The Southwestern Geriatrics Arts and Crafts Festival
09. "The Sing-Along Song" – 4:05
10. "The Elephant at the Door" – 5:13
11. "Leisure World" – 2:36
12. "The Sing-Along Song (Reprise)" – 0:48
Pot - Piano, Conductor, Harpsichord
Ed Sheftel - Trumpet, Flugelhorn
Christie Thompson - Vocals
Ernest "Ernie" Anderson - Voices
Fred Selden - Clarinet, Saxophones, Flute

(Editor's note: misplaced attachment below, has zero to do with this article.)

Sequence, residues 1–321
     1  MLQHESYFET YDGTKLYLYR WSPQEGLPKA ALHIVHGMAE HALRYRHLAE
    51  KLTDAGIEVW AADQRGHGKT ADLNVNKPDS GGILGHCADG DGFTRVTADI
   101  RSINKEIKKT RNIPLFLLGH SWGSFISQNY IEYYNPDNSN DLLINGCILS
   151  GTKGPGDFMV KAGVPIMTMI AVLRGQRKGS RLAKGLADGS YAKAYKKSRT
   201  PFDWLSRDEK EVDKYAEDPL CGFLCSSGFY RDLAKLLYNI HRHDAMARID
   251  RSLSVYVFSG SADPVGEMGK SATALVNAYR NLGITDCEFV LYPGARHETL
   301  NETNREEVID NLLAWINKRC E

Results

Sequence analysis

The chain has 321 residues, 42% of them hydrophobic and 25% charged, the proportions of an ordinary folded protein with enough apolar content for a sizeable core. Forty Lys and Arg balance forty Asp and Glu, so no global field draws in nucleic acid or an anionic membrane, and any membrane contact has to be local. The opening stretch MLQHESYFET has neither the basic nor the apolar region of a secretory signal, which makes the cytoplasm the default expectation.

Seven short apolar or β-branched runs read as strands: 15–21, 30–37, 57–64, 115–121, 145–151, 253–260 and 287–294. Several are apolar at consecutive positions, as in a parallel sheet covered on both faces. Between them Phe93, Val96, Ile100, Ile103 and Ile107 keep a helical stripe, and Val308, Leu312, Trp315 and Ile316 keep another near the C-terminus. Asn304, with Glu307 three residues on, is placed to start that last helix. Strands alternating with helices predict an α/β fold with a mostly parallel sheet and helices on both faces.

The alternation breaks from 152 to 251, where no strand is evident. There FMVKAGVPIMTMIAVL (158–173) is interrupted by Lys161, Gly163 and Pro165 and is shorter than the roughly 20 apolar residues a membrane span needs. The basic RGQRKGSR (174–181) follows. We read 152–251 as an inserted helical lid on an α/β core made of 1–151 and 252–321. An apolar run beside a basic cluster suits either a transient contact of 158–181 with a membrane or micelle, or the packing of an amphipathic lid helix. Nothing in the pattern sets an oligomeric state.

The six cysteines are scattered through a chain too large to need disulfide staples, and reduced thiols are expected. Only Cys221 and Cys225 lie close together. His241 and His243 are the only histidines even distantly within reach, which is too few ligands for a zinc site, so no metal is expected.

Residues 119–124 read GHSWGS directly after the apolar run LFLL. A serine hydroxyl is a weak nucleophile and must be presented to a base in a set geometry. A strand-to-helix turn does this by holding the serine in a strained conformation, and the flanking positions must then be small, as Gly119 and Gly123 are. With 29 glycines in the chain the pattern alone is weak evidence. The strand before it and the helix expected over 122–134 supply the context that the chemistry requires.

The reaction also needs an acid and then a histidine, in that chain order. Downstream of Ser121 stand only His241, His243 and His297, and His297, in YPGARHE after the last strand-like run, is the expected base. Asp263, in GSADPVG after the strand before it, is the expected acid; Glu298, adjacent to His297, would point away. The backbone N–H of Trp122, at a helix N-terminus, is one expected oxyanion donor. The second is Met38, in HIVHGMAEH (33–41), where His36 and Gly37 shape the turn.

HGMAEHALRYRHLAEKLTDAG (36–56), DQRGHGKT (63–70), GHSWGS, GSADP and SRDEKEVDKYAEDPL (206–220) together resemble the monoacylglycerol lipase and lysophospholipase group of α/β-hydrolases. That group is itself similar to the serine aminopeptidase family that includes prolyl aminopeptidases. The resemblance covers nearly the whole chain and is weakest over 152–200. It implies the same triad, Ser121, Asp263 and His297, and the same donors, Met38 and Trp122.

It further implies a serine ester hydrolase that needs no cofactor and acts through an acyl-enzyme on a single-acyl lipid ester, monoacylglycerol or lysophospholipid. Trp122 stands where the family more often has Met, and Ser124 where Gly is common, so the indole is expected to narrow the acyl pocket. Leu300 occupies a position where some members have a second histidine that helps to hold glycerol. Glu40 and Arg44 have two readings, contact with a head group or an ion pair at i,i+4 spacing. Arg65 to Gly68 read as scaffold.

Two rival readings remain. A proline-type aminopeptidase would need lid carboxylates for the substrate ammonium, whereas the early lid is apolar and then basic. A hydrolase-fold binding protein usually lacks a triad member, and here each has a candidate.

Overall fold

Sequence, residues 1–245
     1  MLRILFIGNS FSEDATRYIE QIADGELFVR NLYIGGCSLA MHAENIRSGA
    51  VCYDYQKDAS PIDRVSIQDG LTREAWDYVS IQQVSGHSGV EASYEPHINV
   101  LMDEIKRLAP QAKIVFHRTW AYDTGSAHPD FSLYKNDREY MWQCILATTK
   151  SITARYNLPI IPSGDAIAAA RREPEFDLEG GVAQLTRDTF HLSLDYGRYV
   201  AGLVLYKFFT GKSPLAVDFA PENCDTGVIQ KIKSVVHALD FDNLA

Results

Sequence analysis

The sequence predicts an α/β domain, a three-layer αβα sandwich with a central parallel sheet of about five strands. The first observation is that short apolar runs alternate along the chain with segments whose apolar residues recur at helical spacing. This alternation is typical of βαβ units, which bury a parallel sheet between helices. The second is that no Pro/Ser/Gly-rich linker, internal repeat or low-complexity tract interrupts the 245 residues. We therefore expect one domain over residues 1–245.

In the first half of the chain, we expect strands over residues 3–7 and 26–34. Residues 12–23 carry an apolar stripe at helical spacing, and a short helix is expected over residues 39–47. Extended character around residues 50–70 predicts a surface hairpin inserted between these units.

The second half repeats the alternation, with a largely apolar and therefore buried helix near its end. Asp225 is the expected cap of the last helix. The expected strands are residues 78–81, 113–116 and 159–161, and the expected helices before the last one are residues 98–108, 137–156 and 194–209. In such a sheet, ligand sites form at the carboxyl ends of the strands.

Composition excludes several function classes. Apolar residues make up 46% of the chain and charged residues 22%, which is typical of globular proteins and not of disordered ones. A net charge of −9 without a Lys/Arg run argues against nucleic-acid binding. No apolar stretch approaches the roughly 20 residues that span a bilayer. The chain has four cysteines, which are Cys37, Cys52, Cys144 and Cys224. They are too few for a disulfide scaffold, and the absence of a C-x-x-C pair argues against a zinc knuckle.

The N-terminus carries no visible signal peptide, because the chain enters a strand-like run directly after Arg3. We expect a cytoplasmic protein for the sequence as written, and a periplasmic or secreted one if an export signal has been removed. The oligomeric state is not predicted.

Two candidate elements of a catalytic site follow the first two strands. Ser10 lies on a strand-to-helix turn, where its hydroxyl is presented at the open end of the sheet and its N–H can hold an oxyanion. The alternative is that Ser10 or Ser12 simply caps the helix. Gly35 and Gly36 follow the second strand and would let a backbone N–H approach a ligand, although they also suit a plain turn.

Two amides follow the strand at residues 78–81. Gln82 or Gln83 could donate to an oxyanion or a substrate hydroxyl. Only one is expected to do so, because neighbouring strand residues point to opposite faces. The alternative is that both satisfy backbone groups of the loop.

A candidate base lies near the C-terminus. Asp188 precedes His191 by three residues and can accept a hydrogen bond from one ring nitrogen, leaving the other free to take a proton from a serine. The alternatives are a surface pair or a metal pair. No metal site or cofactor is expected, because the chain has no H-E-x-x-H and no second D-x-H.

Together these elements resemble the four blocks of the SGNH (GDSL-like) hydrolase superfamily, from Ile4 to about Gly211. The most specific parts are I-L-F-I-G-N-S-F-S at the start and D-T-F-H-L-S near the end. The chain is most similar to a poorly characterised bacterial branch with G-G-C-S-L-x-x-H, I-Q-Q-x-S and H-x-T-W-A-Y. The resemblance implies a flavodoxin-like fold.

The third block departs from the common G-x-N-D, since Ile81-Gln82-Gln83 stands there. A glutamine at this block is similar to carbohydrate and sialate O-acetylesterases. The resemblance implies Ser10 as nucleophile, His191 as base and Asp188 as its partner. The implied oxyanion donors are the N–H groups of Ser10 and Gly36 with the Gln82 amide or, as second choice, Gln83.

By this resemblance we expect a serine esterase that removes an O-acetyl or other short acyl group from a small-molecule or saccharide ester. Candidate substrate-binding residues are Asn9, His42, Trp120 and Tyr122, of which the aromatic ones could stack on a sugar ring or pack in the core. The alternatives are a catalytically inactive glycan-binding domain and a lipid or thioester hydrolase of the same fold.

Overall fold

Ted Greene - Guitar
Joseph Hunter Byrd - Organ, Producer, Vocals, Keyboards, Conductor, Synthesizer
Larry Kass - Tabla
Michael Whitney - Guitar (Classical)
Chuck Bennett - Bass Trombone
Victoria Bond - Vocals
Bob Breault - Engineer
Ray Cappocchi - Tuba, Tenor Trombone
Dana Chalberg - Flute, Piccolo
John Clauder - Percussion, Drums
Susan de Lange - Vocals, Electronic Voices
Meyer Hirsch - Flute, Saxophones
Don Kerian - Trumpet, Cornet
Gregg Kovner - Drums, Percussion
Tom Scott - Clarinet, Saxophones, Flute
Harvey Newmark - Bass (uncredited on album)
Harihar Rao - Percussion (uncredited on album)